Based on these quotes and the material covered thus far, we know Jung viewed archetypes, such as astrological constellations, to be part of the collective unconscious. He believed these archetypes to be inherent and deeply embedded in human nature, and when they pushed into a more conscious state, they often displayed themselves as instincts, conditioned attitudes, or compulsive behavior.

Based on his opinions of archetypes and their external manifestations it is likely that Jung believed astrology was beneficial primarily as a tool to explore the depths of an individual’s psyche.

He indicated the truth of this in a letter to Freud (1911):

I make horoscopic calculations in order to find a clue to the core of psychological truth. . . .I dare say that we shall one day discover in astrology a good deal of knowledge that has been intuitively projected into the heavens. For instance, it appears that the signs of the zodiac are character pictures, in other words libido symbols which depict the typical qualities of the libido at a given moment.

He also noted astrology’s use to explore the psyche while attempting to sooth Freud’s concerns on the rewards of his astrological meanderings:

Please don’t worry about my wonderings in these infinitudes. I shall return laden with rich booting for our knowledge of the human psyche . . For a while longer I must intoxicate myself on magic perfumes in order to fathom the secrets that lie hidden in the abysses of the unconscious. . .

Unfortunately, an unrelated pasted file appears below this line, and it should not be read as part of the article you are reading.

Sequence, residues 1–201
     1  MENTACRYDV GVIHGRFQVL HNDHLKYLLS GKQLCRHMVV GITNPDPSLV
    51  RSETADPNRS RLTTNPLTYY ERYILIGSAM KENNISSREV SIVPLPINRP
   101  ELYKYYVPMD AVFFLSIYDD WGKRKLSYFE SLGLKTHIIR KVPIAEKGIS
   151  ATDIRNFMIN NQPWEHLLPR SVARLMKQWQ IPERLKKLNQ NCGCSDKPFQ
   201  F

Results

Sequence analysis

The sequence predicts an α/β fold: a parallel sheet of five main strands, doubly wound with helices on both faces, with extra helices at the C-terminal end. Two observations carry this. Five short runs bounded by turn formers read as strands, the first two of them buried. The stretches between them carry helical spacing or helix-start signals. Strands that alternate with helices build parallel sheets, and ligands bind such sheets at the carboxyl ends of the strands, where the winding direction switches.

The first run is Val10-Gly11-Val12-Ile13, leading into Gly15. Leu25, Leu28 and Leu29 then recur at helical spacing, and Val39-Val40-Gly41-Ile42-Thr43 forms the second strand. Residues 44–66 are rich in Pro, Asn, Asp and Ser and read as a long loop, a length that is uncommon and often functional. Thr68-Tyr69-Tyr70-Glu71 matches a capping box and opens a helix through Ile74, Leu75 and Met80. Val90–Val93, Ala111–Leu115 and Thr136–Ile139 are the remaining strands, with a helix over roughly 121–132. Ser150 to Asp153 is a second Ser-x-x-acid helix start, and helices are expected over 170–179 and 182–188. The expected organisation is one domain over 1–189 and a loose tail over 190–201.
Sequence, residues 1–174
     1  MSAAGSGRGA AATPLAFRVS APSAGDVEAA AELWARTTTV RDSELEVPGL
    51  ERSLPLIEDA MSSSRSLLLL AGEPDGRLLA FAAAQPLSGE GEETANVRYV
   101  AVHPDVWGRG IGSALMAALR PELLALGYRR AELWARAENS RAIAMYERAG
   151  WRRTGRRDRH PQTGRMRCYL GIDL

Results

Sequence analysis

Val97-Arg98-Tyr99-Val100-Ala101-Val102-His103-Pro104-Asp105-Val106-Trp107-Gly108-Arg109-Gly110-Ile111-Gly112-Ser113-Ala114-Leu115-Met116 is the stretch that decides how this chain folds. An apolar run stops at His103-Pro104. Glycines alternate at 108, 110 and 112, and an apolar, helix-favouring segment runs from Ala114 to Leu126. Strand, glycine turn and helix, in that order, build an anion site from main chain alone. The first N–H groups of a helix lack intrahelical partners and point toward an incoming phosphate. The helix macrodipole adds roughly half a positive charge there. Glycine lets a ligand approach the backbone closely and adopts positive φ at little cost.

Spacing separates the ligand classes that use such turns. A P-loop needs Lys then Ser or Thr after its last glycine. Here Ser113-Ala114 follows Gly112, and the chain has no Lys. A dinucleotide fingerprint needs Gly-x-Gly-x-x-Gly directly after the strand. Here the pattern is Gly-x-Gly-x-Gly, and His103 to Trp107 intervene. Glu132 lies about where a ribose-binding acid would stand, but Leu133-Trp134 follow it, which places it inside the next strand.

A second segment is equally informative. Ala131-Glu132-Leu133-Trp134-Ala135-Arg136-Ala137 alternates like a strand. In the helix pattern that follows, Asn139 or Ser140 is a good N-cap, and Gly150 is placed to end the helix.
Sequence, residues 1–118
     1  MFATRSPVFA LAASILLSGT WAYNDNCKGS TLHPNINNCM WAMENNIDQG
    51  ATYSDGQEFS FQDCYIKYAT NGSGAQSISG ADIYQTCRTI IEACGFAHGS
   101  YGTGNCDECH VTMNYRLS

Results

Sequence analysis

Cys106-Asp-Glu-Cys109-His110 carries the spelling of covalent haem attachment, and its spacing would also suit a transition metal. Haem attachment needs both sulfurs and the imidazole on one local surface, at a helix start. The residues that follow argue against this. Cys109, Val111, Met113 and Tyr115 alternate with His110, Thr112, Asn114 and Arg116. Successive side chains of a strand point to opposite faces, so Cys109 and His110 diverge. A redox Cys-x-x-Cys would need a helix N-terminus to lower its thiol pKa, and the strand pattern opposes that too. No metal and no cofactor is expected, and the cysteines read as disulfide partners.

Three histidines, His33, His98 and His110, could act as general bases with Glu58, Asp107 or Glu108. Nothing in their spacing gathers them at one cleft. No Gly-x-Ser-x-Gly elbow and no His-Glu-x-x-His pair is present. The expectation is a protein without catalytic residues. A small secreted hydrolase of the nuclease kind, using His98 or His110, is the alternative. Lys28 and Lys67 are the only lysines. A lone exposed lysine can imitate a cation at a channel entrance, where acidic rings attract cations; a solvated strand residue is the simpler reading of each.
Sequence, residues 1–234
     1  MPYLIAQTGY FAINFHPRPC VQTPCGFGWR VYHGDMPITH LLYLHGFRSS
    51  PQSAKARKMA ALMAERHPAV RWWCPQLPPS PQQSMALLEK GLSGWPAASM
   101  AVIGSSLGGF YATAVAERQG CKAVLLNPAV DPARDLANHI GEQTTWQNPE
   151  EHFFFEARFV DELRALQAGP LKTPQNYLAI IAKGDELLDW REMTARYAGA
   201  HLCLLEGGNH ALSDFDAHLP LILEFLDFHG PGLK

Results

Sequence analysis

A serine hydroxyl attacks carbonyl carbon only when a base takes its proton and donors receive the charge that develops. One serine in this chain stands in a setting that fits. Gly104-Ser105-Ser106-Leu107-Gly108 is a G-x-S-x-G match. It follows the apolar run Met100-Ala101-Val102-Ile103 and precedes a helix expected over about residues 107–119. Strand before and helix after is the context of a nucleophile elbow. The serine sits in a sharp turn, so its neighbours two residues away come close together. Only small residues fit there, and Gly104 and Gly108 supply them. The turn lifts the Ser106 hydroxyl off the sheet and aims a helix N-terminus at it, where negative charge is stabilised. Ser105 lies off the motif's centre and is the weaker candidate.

Jung further described his use of astrology to acquire a deeper understanding of a client’s unconscious motivations in a letter to B.V. Raman:

As I am a psychologist I’m chiefly interested in the particular light the horoscope sheds on certain complications in the character. In cases of difficult psychological diagnosis I usually get a horoscope in order to have a further point of view from an entirely different angle. I must say that I very often found that the astrological data elucidated certain points which I otherwise would have been unable to understand. From such experiences I formed the opinion that astrology is of particular interest to the psychologist, since it contains a sort of psychological experience which we call ‘projected’ – this means that we find the psychological facts as it were in the constellations.

The above collection of letters and writings clearly support the premise that astrology was a tool to explore the human psyche. Jung was a psychologist first and foremost, and used astrology primarily as a tool to uncover the depths of the psyche.

Jung also recognized that astrology could be used as a means to identify periods of life crises because human experience was shown to correlate to planetary motion.

He stated:

I have observed many cases where a well-defined psychological phase of an analogous event has been accompanied by a transit (particularly when Saturn and Uranus were affected).

This discovery must have been exciting for Jung as it provided further insight into the meaning of psychic events.